A local bell ringer for the Salvation Army will attempt to set a world record for continuous ringing of a hand bell by a single person, starting this morning in San Francisco.
Marcelino “Butch” Soriano, a Pacifica resident who has done bell ringing as a captain for the Salvation Army for the past 17 years, is one of 24 people around the country who are trying to break the record in order to raise awareness about the nonprofit’s Red Kettle holiday campaign.
The previous record was set last year by Kyle Smith, a Salvation Army captain from Spokane, Wash., who rang a bell for 36 hours with no food or sleep.
The bell ringers must stand the entire time and are not allowed to eat. They can only drink beverages such as water, juice or Gatorade, and can only use the bathroom once every four hours, according to the Salvation Army.
Salvation Army spokeswoman Laine Hendricks said Soriano “has kept his secrets pretty quiet on training, but I know other people have been skipping lunches, and forcing themselves to stay up extra hours.”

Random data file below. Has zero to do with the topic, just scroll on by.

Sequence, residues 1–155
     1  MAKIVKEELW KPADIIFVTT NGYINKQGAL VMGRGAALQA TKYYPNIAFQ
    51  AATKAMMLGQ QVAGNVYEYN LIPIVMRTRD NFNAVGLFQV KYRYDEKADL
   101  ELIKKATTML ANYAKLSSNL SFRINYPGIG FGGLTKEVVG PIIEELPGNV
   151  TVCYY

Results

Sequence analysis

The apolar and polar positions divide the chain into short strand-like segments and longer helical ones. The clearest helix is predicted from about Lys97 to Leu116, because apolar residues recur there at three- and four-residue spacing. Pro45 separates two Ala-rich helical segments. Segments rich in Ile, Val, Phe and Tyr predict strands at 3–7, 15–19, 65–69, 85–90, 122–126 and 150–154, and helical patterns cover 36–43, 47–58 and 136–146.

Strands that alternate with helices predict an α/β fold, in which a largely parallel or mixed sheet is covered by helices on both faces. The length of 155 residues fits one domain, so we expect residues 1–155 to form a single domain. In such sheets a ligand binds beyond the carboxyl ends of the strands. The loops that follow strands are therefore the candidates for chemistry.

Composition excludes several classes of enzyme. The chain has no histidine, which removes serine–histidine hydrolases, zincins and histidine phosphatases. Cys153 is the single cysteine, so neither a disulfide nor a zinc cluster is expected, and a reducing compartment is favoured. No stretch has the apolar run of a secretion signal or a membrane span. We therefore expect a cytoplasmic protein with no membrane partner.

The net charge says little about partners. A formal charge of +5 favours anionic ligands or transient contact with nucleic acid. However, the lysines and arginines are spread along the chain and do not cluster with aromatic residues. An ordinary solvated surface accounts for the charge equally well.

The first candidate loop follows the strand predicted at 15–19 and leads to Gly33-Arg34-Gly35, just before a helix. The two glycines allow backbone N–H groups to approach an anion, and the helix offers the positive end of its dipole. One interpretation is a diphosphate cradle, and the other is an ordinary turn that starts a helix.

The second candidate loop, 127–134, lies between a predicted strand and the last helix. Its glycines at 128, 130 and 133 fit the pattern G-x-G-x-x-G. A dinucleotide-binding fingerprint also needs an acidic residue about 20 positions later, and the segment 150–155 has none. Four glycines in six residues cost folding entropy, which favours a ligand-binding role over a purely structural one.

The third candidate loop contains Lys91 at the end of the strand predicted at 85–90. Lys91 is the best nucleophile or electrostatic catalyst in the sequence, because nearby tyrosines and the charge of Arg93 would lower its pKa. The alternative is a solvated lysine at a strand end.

In the Red Kettle campaign, more than 25,000 Salvation Army workers and volunteers ring bells daily to solicit spare change from holiday shoppers, who drop money into the organization’s red kettles.
In 2010, the campaign brought in a record $142 million nationwide, including $150,000 locally.
The campaign actually started in San Francisco in 1891.
“It’ll be great to celebrate the 120th anniversary by having someone here in the contest,” Hendricks said.
Soriano was scheduled to begin ringing the bell at 9 a.m. outside the Macy’s store at Union Square, and plans to move north to stand outside the Walgreens at Powell and Sutter streets overnight, Hendricks said.